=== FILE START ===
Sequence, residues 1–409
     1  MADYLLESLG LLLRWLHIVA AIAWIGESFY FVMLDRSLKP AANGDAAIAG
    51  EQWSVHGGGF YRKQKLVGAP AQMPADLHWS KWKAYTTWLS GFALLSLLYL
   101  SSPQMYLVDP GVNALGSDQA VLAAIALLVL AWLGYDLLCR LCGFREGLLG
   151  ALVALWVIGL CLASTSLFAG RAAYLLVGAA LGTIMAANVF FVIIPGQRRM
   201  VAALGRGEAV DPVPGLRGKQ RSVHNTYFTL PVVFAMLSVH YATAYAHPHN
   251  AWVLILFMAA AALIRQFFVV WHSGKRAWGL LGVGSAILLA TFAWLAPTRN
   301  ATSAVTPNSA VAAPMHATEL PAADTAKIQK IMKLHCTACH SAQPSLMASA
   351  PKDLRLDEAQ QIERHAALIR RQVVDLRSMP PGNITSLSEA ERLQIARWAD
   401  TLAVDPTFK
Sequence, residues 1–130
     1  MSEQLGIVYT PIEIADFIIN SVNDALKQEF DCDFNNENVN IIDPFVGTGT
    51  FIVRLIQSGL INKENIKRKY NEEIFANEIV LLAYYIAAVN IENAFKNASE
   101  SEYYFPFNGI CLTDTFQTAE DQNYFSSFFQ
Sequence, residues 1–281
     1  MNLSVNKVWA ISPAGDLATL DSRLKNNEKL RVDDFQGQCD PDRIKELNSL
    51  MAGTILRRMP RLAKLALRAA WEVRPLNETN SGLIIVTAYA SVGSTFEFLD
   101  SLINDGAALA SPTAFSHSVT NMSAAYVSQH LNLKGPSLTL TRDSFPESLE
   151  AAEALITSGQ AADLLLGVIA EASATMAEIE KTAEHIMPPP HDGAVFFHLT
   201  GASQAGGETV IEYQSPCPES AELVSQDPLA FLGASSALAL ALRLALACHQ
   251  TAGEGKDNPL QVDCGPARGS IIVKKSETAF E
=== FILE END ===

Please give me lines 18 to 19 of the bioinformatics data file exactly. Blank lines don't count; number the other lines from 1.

   101  SLINDGAALA SPTAFSHSVT NMSAAYVSQH LNLKGPSLTL TRDSFPESLE
   151  AAEALITSGQ AADLLLGVIA EASATMAEIE KTAEHIMPPP HDGAVFFHLT